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January 15, 2009

Ecological burn to help restore habitat for rare plant species

A pine community that is becoming scarce in the southern Appalachians and a rare wildflower will benefit from a prescribed fire that is planned for early 2009 at an Oconee County heritage preserve.
About 323 acres of the 501-acre Buzzard Roost Heritage Preserve, three miles west of Walhalla, will be burned in early 2009 in a cooperative prescribed burn that will include the efforts of the S.C.

Department of Natural Resources (DNR); S.C. Forestry Commission and U.S. Forest Service. Almost 216 acres of land in Sumter National Forest, next to the preserve, are also scheduled for a prescribed burn.
In the past, neighbors around the burn area have been very cooperative during the burn, according to Mary Bunch, DNR wildlife biologist based in Clemson and manager of the Buzzard Roost preserve. Weather conditions will be chosen so that smoke from the fire will disperse quickly and not present a serious problem in the area. "We appreciate the neighbors’ patience," Bunch said.

The purpose of the burn is to improve habitat for smooth coneflower, a federally endangered member of the Aster family, and to maintain Table Mountain pine, according to Bunch. Smooth coneflower benefits from disturbances such as fire, and Table Mountain pine, a species in decline partly due to the lack of fire, needs the heat from fires to open its cones and to clear the ground below of litter, preparing it as a seed bed. Control of hardwood trees by prescribed fire benefits both smooth coneflower and Table Mountain pine.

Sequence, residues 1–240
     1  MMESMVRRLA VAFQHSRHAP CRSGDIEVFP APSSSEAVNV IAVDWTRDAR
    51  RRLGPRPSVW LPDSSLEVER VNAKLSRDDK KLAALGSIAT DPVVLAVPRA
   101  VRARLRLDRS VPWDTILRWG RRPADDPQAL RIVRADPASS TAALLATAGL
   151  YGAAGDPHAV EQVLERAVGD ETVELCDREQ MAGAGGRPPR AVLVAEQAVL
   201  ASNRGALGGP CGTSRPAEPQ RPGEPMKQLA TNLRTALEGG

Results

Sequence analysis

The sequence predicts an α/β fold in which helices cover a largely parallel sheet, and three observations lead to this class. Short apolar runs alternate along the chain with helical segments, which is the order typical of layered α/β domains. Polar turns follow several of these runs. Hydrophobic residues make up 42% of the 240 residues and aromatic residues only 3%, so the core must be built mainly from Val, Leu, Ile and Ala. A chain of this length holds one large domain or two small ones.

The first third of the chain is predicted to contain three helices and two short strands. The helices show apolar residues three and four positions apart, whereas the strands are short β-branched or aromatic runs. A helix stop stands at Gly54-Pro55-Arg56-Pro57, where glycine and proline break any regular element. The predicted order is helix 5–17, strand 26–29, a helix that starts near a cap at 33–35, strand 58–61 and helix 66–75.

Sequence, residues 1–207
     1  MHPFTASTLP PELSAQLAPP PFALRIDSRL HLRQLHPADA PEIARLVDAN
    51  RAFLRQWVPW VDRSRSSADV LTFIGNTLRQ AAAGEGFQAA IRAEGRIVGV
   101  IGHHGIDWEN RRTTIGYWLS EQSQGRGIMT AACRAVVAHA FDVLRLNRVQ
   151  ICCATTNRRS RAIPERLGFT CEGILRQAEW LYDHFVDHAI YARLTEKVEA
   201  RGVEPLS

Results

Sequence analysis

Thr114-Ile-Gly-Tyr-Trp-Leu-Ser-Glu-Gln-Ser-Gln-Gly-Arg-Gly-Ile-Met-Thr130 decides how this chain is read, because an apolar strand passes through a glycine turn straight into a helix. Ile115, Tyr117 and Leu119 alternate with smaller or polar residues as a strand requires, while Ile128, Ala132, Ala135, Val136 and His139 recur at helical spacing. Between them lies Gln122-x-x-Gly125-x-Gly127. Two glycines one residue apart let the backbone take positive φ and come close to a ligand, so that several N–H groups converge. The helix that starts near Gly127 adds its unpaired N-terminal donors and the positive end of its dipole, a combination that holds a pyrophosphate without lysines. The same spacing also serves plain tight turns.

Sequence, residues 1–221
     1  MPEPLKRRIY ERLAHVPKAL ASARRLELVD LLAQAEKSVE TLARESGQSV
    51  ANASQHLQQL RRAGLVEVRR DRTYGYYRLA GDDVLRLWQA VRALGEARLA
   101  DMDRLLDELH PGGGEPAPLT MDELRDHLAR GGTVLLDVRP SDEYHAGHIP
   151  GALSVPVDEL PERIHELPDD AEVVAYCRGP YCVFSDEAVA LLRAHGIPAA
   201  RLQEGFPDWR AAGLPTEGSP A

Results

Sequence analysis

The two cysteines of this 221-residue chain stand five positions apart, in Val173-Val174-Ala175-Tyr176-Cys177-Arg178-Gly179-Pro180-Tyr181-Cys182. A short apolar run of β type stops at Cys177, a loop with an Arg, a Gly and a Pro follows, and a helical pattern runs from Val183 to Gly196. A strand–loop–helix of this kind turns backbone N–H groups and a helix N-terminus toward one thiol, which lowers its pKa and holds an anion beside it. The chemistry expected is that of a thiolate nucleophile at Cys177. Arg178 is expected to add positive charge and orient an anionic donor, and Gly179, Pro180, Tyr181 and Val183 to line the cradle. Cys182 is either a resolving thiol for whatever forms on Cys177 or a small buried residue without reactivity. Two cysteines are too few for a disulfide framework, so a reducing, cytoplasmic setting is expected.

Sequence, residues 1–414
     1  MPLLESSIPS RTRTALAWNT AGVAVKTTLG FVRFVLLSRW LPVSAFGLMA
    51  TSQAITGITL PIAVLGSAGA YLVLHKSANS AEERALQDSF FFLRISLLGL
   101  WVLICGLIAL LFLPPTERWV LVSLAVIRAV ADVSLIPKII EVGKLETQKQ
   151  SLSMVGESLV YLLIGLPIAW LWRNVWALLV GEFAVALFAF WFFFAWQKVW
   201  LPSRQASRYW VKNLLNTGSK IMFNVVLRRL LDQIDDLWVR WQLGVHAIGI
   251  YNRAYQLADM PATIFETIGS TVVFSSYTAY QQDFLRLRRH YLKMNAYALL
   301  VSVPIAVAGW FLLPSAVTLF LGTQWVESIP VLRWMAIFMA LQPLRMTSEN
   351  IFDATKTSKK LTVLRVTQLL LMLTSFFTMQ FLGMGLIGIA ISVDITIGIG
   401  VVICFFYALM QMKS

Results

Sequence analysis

"Through the centuries, native plants, animals and habitats have adapted to the presence of recurring fire," Bunch said. "Many species and ecosystems are now rare because of fire suppression, but they need periodic fire to ensure their survival."

A good example of that is the smooth coneflower, which grows on Buzzard Roost Heritage Preserve and in only 23 locations in the Southeast. Historically, smooth coneflower probably grew in prairie-like habitats maintained by lightning fires or those set by Native Americans, Bunch said. Without fire to keep the forest floor clear, other plant species crowd or shade out smooth coneflower.
Scientists and land managers are increasingly aware of the importance of fire for maintaining a healthy forest ecosystem. Many of the state’s 84,000 acres in heritage preserves benefit from fire, and the DNR plans to burn several thousand acres on heritage preserves in the first half of 2009.

The South Carolina Prescribed Fire Council is promoting public understanding about the benefits and importance of prescribed fire. The Prescribed Fire Council is composed of representatives from various conservation agencies and institutions. More information on the DNR’s Heritage Trust Program.

DNR protects and manages South Carolina’s natural resources by making wise and balanced decisions for the benefit of the state’s natural resources and its people.

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